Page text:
A Dream Of Being - Poem by Thomas MacDonagh
I walked in dream within a convent close,
And met there lonely a familiar nun;
Then in my mind arose
A vehement memory strife
With doubt of being, arose and was fought and was won.
Trembling I said: 'O mother of my life!'
And she in tears: 'At last my fond heart knows--
Surely I am the mother of my son!'
And greeted me in dear maternal wise,
And asked me all the story of my days,
Silently garnering my quick replies,
Shamefastly holding breath upon my praise
Of him to whom she plighted the world's vows
(So ran the tale), my father, her loved spouse.
It did not then seem strange that this should be
(A long time there we stayed in company)
Until she pondering said:
'And yet I chose the better part, my child,
When from that world's love and from thee I fled,
Leaving the wild
That I could never till aright and dreaded,
And sought this marriage garden undefiled,
The virgin of the Lover whom I wedded.
'Twenty years old I hither came,
Twenty years ago:
My child, if thy life were the same
As in this tale thou dreamest now to know,
These twenty years had been thine age to-day.'
I answered her: 'It is my age to-day.'
And then a while she mused, nor marked the call
Of one monotonous bell, nor heard, within the hall
Hard by, the lonesome-sounding late foot-fall
Of one nun passing after the rest were gone:
Within they filled their places one by one,
And a few wondered doubtless with vague surmise,
Less on response devout,
Why still she tarried at that hour without.
I heard their voices rise and fall and rise
In their long prayer like quiet faded sighs
Calling from hearts that lost
Their passion long ago,
That are not toss'd
On waves that make them crying go
Ever at all or make them happily go.
She, quiet thus also,
And something sad,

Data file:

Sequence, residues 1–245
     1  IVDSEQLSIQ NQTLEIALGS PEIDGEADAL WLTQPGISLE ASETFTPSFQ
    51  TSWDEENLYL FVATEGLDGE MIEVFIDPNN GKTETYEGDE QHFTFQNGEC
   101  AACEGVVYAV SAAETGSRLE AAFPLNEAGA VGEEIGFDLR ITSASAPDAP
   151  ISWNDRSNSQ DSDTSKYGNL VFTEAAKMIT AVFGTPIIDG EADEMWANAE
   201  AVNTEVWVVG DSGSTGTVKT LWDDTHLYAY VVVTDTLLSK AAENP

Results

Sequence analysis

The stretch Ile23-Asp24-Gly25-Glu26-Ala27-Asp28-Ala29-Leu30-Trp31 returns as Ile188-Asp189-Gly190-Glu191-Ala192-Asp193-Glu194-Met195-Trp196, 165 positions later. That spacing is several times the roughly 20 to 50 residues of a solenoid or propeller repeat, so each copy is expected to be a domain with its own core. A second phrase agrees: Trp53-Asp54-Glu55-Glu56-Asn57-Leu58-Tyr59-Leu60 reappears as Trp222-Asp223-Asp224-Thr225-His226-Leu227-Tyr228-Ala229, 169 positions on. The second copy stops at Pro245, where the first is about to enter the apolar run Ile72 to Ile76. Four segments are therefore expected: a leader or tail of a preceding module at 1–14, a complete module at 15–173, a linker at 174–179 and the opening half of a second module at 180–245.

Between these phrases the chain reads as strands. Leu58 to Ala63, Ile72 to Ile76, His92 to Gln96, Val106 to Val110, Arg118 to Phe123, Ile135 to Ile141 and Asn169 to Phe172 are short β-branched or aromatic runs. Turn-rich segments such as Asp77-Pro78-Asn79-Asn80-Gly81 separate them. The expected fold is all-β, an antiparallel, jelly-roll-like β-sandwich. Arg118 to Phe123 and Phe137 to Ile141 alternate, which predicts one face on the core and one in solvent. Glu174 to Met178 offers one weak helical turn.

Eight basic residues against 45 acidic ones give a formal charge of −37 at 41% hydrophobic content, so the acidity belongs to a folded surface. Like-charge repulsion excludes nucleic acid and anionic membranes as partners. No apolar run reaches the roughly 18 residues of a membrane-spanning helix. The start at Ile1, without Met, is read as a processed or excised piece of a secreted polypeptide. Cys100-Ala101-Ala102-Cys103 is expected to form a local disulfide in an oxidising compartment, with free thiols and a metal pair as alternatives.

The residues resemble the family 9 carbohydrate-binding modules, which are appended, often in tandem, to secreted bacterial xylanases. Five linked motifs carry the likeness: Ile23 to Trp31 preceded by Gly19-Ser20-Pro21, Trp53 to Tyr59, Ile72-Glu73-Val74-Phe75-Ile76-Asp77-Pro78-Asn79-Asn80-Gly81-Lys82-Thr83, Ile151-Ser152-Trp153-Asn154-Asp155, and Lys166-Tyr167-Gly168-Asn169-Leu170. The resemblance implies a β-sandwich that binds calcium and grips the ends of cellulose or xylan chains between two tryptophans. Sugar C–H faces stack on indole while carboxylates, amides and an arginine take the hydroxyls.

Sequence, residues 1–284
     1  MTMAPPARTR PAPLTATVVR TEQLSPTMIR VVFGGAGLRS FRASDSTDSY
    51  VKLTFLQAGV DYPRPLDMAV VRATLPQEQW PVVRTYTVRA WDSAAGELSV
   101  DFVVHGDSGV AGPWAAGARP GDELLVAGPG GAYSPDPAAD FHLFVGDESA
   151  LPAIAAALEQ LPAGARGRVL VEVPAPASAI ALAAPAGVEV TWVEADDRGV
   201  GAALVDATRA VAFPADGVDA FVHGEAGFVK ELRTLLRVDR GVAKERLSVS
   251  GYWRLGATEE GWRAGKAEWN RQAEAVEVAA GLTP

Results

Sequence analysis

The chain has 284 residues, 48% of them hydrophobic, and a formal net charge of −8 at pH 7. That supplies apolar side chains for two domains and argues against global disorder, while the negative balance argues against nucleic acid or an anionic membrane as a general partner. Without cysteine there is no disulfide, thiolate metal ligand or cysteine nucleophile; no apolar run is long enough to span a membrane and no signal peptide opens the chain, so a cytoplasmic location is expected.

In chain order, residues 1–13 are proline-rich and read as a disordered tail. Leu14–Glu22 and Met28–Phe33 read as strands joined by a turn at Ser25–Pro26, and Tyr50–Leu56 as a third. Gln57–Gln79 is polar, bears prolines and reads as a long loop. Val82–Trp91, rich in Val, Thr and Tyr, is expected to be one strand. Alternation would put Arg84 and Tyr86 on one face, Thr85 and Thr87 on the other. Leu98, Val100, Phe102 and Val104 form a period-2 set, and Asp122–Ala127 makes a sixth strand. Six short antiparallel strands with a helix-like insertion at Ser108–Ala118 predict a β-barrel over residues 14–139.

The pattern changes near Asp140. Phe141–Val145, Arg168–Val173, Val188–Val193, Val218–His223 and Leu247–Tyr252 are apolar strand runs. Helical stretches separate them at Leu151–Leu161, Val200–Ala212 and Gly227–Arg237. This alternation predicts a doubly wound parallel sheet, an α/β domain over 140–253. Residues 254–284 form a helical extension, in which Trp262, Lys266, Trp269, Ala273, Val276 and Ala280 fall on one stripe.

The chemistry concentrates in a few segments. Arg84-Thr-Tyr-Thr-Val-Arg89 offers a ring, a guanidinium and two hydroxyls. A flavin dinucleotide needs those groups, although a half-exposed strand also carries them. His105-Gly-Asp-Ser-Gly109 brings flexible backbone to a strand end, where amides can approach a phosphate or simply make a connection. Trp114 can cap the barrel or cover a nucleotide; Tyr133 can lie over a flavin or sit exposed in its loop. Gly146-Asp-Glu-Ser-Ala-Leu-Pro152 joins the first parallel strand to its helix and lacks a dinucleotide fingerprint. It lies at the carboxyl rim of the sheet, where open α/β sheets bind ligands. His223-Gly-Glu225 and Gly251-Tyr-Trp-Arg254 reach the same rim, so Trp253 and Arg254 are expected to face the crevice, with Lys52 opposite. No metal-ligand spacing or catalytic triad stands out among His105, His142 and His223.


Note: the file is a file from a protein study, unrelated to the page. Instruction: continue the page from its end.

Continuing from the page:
Spoke on: 'My child, what if I had
Chosen the other part, sought that world's love
Of him thou tell'st me of,
And thus had stayed with thee?--
It had not then been better and not worse
(I pray that thus it be),
No blessing and no curse,
Making the only difference of thee,
No difference at all (that is) or false or true,
To welcome or to rue
No difference, whether thou came to be
A man for men to see
Or all a dream, my dreaming soul to fill
With fancy thus an hour so waywardly.
I turn back to the plot of life I till
To fruit of such due virginal gifts
As my soul lifts
Within this heaven's house
For twenty years unto my Lover and Spouse:
I here return, and leave the dreamèd plot
Which I have laboured not,--
Leave thee, my child, who never has been born.
Alas! Alas! that so thou art forlorn,
Since I must lose thee so once more
As I have lost thee (thus my dream) before,--
Since I must lose thee...' 'Ah, dream of life!' said I,
'What if the dream be life, and the waking dream?'
Her eyes did wistful seem,
A moment wistful, then with patient sigh,
'If thou dream so,' she said, 'thou art indeed my dream.
Strange that a dream like thee can dream again,
And dreaming yearn for being!
And, vision-seen, can yearn for seeing!
My child, thou standest always in God's ken,
In ken of me an hour, never of men;
And thou wilt now from mine depart,
And wilt return
Seldom to mind of me, never to heart:
Nor shall I wonder or mourn,
For it is but the difference of thee
Who art now, art not in eternity;
Nor wonder ever thus of him whose praise
Thou didst rear so in story of thy days:
He may be vain as thy vain days that burn,
Small hour by hour, in other than life's fire,
Though with my life coëval they expire:
Life thou dost run, and he,
Only in dream of me,--
Who is the dreamer?' she faltered. I, poor ghost,
Left here there pondering as the vespers ceased;
And sisters hurrying forth met me almost
Where I passed slowly out, from the dream released.
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